The essence of Ceramatec's breakthrough is that high energy density (a lot of juice) can be achieved safely at normal temperatures and with solid components, not hot liquid.

Ceramatec says its new generation of battery would deliver a continuous flow of 5 kilowatts of electricity over four hours, with 3,650 daily discharge/recharge cycles over 10 years. With the batteries expected to sell in the neighborhood of $2,000, that translates to less than 3 cents per kilowatt hour over the battery's life. Conventional power from the grid typically costs in the neighborhood of 8 cents per kilowatt hour.
August 14th, 2009, 11:47 am
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A Person
Location: Slightly west of the Great White North
When Wal-Mart gets em for $50, I'm in.
August 14th, 2009, 12:28 pm
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I show you something fantastic and you find fault.
Location: Greensboro, NC
Be glad you dont have a mazda miata they take a special small battery (think motorcycle) to fit properly. My wholesale price to buy one is $85
August 14th, 2009, 5:08 pm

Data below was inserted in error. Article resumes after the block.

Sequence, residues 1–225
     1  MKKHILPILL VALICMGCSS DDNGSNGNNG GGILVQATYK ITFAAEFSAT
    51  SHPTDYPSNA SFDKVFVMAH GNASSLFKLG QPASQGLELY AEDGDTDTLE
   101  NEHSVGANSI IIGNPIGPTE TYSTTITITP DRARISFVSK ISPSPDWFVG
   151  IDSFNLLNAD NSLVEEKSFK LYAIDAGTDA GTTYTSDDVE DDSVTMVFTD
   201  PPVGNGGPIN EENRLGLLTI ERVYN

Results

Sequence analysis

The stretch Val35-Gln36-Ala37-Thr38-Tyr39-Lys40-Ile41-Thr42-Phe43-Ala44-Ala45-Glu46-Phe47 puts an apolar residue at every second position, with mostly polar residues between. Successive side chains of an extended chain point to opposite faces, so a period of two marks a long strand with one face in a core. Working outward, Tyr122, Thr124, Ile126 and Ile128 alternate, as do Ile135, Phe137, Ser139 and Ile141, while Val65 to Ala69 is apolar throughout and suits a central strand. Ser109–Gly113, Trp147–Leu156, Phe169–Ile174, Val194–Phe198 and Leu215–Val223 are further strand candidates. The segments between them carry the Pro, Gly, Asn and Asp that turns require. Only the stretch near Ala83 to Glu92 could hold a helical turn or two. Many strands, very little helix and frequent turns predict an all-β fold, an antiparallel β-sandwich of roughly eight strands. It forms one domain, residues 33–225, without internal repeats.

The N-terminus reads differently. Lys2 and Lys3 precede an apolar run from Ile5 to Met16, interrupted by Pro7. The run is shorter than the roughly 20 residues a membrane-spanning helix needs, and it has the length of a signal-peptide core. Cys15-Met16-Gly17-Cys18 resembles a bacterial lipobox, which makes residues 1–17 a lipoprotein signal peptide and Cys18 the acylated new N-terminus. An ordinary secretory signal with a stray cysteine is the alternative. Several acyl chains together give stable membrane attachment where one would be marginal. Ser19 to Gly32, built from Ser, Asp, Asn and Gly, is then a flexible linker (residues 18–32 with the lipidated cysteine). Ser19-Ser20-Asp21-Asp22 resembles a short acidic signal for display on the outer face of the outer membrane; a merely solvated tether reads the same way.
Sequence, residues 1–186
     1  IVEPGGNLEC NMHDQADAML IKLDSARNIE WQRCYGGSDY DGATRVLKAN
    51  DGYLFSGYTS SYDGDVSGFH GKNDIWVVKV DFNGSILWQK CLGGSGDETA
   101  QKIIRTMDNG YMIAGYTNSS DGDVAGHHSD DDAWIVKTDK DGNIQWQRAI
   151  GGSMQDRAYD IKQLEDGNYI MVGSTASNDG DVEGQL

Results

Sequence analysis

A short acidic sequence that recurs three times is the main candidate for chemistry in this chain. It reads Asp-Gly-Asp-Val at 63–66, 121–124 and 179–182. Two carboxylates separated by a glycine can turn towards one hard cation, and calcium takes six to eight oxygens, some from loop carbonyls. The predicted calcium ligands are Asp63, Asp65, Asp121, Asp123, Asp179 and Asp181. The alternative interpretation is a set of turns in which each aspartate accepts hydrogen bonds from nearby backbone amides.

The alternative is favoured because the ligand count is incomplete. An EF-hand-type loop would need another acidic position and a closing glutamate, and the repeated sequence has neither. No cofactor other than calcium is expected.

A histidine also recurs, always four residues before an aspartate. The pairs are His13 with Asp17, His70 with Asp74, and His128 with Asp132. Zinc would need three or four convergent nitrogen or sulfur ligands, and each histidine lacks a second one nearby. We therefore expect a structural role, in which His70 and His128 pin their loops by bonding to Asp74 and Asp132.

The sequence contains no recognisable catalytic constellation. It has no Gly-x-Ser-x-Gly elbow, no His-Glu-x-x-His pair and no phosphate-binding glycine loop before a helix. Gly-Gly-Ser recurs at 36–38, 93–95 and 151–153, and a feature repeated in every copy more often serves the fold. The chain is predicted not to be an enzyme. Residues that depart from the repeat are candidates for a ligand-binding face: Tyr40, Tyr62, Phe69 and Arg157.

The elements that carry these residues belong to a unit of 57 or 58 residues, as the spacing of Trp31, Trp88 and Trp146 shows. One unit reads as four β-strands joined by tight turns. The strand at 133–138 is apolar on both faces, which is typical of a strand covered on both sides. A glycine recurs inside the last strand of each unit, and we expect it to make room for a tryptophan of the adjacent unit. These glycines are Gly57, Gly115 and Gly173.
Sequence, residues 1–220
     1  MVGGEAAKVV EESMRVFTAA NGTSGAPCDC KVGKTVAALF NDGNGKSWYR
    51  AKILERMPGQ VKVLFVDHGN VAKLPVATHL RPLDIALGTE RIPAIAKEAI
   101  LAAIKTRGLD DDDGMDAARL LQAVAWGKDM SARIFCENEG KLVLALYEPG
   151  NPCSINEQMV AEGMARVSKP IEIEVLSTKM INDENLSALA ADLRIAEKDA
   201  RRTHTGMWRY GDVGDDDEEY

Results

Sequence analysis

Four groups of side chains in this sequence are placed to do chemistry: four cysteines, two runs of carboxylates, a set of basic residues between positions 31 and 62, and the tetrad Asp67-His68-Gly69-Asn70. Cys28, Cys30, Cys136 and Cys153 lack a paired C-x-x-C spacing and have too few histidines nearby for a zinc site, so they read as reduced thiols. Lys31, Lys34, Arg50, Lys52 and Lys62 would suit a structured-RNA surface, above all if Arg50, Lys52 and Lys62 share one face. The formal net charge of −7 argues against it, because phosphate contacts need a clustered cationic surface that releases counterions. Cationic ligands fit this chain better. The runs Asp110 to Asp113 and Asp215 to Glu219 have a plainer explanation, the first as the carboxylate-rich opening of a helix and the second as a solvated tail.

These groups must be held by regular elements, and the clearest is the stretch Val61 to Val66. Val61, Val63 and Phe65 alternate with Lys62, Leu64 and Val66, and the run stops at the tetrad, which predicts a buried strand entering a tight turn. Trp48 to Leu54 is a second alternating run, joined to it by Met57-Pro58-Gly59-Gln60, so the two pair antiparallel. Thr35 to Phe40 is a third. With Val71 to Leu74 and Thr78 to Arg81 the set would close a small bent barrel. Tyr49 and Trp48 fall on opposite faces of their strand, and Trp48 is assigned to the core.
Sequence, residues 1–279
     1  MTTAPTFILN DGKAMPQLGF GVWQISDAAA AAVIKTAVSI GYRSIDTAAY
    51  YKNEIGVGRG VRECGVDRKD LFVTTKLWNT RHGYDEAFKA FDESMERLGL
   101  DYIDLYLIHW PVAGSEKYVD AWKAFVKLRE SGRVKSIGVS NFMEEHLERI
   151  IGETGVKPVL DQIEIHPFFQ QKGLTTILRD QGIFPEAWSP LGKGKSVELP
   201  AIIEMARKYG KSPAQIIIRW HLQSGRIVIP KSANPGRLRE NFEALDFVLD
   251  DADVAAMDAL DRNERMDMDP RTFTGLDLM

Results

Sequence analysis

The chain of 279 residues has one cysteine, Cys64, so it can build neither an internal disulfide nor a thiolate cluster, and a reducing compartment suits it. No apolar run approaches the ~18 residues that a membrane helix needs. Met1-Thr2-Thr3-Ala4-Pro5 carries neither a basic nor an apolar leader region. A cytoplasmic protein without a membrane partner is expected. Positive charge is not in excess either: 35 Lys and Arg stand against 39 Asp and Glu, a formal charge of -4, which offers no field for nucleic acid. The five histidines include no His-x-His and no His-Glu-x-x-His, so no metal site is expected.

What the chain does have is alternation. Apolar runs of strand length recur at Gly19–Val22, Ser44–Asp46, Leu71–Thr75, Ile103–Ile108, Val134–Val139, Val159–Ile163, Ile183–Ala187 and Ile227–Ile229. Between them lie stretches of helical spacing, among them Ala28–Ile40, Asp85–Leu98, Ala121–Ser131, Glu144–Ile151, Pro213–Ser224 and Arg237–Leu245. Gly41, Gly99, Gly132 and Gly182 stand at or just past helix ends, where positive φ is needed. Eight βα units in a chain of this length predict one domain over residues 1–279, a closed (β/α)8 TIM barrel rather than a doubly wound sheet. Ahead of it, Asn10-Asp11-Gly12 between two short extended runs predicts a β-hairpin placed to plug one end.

I love Miatas....

That said, this seems to be the week for car problems.... Battery is doing swimmingly, but the ignition actuator decided to go on Shan at work the other day, and she couldn't get the car to shut off.... Spent 6 hours yesterday stripping the dash away to get to the steering and found out I have to remove the whole assembly, airbag... ect to get at the actuator....

I said screw it...

I'm ordering parts to rewire it for a push button start.... which should prove interesting..... Getting my brain into the "rewiring with relays" mode is proving difficult... I hate electrical diagrams....
August 15th, 2009, 1:55 pm
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I show you something fantastic and you find fault.
Location: Greensboro, NC